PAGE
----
“The Piper? He worked for you?”

He offered a shrug of his broad shoulders. “If you like. He was a useful tool, and the object you took from him was not easy to obtain. You’ve caused me a great deal of trouble, priest. That is unwise.”

Behind me, the door was fading fast. If it vanished would I be stuck here? Would I be able to find another way out? If I had questions, I needed to ask what I could. “You’re JGF, aren’t you?”

“In the flesh. So to speak. And you’re Father James Carson. New York’s latest hero priest.”

He was stalling, trying to get me talking. “We’ll have to continue this another time,” I said.

The door was almost gone, a mere outline. When I grabbed at the handle my hand nearly passed through it and my fingers slipped away. It was like trying to grab jello. I looked behind me, expecting to see JGF making a move while I fumbled with the lock but he had vanished. I grasped the handle with both hands, feeling it squish between my fingers as I did, and turned the handle hard.

And fell through the door into the hallway outside the boy’s bedroom, sending jets of white-hot pain shooting through my injured ankle. My hands were covered in cuts and I could feel the bruises underneath my clothes blossoming. The injuries I picked up in the dream had followed me out.

“Father!” Brother Allen came over and helped me stand, “You’re back!”

The senator rushed into the hall from the stairs, stumbling on the last step as he went. It was clear he had kept drinking while I was inside the dream world.

“Senator,” I said before he could rush to his son, who was sitting up in his bed for the first time in weeks, “Your son should be better now, but I can’t promise…” Brother Cat was sitting in the hall staring at me and I stumbled over the words. “That your friend won’t try something else. I don’t know for certain that it will help, but I suggest you send your son somewhere far away for a little while.”

“Thank you, Father,” the senator said, “I will. His mother is assigned to the Beijing consulate, maybe he could spend a few months there.”

I nodded and stood on shaky knees, gingerly testing my ankle. Everything hurt, and I knew the scars from my fight with the demon would take a long while to heal. With Brother Allen’s help, I made my way downstairs and to the car.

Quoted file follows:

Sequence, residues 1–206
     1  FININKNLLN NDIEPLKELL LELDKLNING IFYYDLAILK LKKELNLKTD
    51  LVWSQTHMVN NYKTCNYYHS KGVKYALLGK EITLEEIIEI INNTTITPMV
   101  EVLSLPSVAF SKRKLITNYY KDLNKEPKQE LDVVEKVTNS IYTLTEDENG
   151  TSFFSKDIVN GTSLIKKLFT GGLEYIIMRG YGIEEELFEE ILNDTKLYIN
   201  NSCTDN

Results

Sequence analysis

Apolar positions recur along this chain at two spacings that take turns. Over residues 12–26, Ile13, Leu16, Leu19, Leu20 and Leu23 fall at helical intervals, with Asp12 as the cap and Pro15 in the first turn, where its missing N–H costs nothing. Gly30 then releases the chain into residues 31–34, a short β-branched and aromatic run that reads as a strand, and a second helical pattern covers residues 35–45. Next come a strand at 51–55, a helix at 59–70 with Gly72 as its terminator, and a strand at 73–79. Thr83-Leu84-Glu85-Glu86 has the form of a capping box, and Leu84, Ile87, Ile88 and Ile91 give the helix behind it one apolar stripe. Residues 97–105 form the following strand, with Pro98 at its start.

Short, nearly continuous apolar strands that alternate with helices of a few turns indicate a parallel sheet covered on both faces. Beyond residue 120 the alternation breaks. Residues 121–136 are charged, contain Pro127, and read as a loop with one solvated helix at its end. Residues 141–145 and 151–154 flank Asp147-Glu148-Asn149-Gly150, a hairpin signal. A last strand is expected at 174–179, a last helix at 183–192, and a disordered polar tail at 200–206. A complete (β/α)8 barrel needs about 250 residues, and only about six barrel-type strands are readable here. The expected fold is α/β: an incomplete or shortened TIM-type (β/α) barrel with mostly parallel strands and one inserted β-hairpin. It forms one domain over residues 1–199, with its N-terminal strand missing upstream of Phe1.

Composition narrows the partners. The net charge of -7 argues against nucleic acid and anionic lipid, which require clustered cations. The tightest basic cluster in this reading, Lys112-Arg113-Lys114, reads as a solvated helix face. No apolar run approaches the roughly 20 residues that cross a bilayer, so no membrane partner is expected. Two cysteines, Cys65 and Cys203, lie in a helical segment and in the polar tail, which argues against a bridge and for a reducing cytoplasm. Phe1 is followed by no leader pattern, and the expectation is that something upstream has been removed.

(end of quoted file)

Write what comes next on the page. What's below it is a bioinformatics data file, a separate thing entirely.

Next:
The sun was coming up by the time I stopped the car in front of St. Francis.

“Father, you should get some rest,” Brother Allen said as he wrangled the big black case from the back seat, “I’ll bring those papers to your apartment tonight.”

“Papers?” My mind was cloudy, and for a moment I almost asked what papers he was talking about. Then it hit me that he was keeping it vague to stop the cat from getting suspicious. Could he do that? Reason? Investigate? Just what was it about Brother Cat that made him different, and how far did it go? “Oh, of course. I'll see you tonight, Brother Allen.”

I drove home and fell asleep with those questions and a thousand more still weighing on my mind.

A knock on the door pulled me from a fitful sleep where a dark-suited figure without a face chased me through a cemetery. I was happy for the interruption. I opened the door to find Brother Allen dressed in an oversized black t-shirt and jeans. It was the first time I’d ever seen him in anything besides his monk’s robe.

“Come in.”

“Thank you, Father,” the monk stepped in, glancing nervously around the small room.

“Please, have a seat,” I said, sitting down in a comfortable chair across from the sofa. The monk accepted, his fingers tapping out a rhythm against his leg. A nervous tick? Not one I’d ever seen, even when the vicar showed up Brother Allen’s nerves came out in his usual hyperactive way.

“I know you have a lot of questions, I’ll do everything I can to answer them,” he said.

“Okay,” I said, not sure what to ask first, “Let’s start with one I know you know the answer to. Who is JGF and why don’t you want Brother Cat to know about him?”

The monk swallowed hard and crossed himself, but he answered. “JGF stands for Johann Georg Faust. The man who murdered Father Andrews.”